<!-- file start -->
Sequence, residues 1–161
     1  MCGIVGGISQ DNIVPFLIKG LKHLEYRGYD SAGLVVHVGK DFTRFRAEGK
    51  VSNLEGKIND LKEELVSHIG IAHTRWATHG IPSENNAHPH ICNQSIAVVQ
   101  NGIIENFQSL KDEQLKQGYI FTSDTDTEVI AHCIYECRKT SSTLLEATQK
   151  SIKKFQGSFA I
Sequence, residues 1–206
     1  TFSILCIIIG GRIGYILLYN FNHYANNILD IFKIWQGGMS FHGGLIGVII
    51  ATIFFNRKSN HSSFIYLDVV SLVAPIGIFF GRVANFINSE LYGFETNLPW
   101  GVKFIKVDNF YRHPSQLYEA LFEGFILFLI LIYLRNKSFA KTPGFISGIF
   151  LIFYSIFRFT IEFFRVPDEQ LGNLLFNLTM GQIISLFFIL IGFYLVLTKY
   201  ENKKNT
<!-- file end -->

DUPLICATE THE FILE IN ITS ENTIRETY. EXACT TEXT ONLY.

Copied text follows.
Sequence, residues 1–161
     1  MCGIVGGISQ DNIVPFLIKG LKHLEYRGYD SAGLVVHVGK DFTRFRAEGK
    51  VSNLEGKIND LKEELVSHIG IAHTRWATHG IPSENNAHPH ICNQSIAVVQ
   101  NGIIENFQSL KDEQLKQGYI FTSDTDTEVI AHCIYECRKT SSTLLEATQK
   151  SIKKFQGSFA I
Sequence, residues 1–206
     1  TFSILCIIIG GRIGYILLYN FNHYANNILD IFKIWQGGMS FHGGLIGVII
    51  ATIFFNRKSN HSSFIYLDVV SLVAPIGIFF GRVANFINSE LYGFETNLPW
   101  GVKFIKVDNF YRHPSQLYEA LFEGFILFLI LIYLRNKSFA KTPGFISGIF
   151  LIFYSIFRFT IEFFRVPDEQ LGNLLFNLTM GQIISLFFIL IGFYLVLTKY
   201  ENKKNT